Today Mercury will be at inferior conjunction. After today the planet will reappear in the dawn, rising high enough from the Sun’s glow to be seen around the end of the month.
Inferior conjunction is when the planet passes between the Sun and the Earth. As such the only planets to see inferior conjunction are Mercury and Venus. A transit is possible if the planet passes directly in front of the Sun, but normally this alignment does not occur, the planet passing above or below the Sun as seen from the Earth. There are no transits of Mercury in 2017, the next will be Nov 11, 2019.
Today Mercury will be at maximum eastern elongation, as high in the evening sky as it will appear for this current apparition. After today the planet will slide back into the sunset, passing through inferior conjunction on April 19th to reappear in the morning sky around the end of the month.
Mercury typically completes three morning and three evening apparitions in each year. While the innermost planet never gets very far from the Sun, maximum elongation represents the best time to observe Mercury as high in the sky as possible.
There are no transits of Mercury in 2017, the next will be Nov 11, 2019.
Today Mercury will be at maximum western elongation, as high in the morning sky as it will appear for this current apparition. After today the planet will slide back into the dawn, passing through superior conjunction on March 6th to reappear in the evening around the end of March.
The best evening apparition of 2017 will be in July, with a maximum elongation of over 27°. The best morning apparition will be May at over 25°, with today being nearly as good at over 24°.
There are no transits of Mercury in 2017, the next will be Nov 11, 2019.
This evening at sunset a nice crescent Moon and the bright planet Jupiter will be quite close. As sunset around 19:00 the two will be separated by a mere 46′, just a little over the width of the full Moon. The two should make a very attractive pair as they sit above the glow of sunset.
Keep an eye out for Mercury and Venus closer to the horizon. At 19:00 Venus will be 9° above the horizon with Mercury a bit higher at 14°. The Moon and Jupiter will be higher yet around 25°. Since Mars and Saturn are also visible in the southern sky all five naked eye planets will be visible.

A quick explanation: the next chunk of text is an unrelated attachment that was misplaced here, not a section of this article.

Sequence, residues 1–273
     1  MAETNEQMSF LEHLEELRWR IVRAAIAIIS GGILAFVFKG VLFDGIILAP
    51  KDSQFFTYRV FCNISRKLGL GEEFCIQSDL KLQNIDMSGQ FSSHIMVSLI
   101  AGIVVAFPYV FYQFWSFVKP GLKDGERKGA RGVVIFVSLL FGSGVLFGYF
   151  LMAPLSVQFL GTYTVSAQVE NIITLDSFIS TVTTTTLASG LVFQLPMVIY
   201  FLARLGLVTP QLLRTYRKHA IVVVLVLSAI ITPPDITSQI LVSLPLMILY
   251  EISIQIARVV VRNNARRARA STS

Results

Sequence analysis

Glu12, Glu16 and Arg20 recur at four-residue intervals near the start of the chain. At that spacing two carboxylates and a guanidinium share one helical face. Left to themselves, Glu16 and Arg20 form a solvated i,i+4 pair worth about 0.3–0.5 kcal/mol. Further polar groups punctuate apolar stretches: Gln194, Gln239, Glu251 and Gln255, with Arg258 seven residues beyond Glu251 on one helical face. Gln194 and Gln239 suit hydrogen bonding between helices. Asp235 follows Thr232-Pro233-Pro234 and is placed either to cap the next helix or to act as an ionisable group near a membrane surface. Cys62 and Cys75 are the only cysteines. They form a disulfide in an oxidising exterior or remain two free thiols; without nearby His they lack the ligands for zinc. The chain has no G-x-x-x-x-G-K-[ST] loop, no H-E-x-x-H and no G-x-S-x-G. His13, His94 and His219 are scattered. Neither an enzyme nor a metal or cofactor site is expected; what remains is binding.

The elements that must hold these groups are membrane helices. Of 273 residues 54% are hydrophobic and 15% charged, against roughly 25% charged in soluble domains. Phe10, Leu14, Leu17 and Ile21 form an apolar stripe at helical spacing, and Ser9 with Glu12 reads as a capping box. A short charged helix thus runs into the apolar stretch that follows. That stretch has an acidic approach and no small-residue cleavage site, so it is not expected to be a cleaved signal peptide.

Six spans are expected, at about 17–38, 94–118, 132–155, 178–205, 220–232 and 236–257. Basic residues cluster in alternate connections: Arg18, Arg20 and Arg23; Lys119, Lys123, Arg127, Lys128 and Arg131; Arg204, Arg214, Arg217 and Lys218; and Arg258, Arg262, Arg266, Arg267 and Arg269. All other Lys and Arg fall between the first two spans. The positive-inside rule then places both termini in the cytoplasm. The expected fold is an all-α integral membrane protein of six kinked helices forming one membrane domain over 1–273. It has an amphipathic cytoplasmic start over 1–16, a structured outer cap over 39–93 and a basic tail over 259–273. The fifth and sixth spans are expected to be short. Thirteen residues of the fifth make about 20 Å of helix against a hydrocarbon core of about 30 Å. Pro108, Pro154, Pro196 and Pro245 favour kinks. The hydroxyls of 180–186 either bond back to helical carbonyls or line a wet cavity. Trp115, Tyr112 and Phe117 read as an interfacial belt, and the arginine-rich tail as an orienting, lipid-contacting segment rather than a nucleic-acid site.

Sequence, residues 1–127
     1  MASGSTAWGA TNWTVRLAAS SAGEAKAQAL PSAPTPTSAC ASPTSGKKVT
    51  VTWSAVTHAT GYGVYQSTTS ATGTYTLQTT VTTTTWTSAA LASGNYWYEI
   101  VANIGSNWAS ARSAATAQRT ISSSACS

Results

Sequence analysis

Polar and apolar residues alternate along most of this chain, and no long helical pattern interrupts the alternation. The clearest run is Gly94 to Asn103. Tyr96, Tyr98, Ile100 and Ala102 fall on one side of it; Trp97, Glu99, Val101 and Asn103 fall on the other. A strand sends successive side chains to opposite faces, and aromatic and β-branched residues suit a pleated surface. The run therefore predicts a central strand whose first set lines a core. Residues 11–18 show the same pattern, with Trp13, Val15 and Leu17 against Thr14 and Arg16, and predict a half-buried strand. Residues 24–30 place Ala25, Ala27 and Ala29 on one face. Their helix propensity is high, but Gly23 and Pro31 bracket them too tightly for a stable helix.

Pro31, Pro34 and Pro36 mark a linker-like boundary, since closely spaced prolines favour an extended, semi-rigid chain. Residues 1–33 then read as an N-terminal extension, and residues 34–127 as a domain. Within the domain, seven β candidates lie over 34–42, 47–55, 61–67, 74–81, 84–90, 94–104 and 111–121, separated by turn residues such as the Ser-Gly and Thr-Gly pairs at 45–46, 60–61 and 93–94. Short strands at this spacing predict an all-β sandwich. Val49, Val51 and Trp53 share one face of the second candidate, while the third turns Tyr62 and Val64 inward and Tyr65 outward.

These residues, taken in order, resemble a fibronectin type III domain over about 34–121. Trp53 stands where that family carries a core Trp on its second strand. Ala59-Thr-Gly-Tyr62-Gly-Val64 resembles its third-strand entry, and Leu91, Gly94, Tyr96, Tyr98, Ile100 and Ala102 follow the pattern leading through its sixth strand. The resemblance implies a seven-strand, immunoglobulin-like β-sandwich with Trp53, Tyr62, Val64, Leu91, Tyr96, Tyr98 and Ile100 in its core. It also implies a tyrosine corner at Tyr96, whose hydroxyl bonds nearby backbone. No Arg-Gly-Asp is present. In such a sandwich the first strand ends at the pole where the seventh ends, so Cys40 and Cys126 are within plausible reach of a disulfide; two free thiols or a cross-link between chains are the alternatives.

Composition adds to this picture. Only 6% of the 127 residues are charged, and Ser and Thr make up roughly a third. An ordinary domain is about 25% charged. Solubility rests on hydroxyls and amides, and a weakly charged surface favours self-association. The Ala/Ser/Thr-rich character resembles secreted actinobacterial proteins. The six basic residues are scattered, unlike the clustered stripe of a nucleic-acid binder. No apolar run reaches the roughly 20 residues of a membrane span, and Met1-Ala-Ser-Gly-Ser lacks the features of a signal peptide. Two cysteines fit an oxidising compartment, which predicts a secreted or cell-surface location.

For much of the month all five naked eye planets will be visible at sunset. Mercury, Venus, Mars, Saturn, and Jupiter can all be seen easily if one knows where to look. Indeed, four of the five are quite bright and quite hard to miss. Neptune and Uranus are generally too faint to be seen without optical aid.
Tonight, August 1st, Venus is just rising high enough to be easily seen. It will be a mere 5° above the horizon at 19:30, probably bright enough to be seen against the glow. You can find Mercury a little higher, about 10° above the horizon. Jupiter is obvious well above the sunset as a bright object shining at -1.7 magnitude. Mars and Saturn are visible to the south on the top of Scorpio.
There will be a nice conjunction of the Moon and Jupiter, only 46′ apart, on the 5th of August. Mercury reaches eastern elongation on the 16th of the month. A beautiful triplet of Mercury, Venus, and Jupiter will gather in the days around the 22nd. Keep an eye to the sky for the month to be treated to some nice planetary views.
The two inner planets will rendezvous in the sunset over the next few days. Venus appeared in the sky a few days ago having just emerged from superior conjunction. Mercury will emerge quickly from the solar glare to pass Venus only 10° from the Sun. This conjunction will be quite low and a bit in the bright glow of sunset, perhaps somewhat challenging to spot.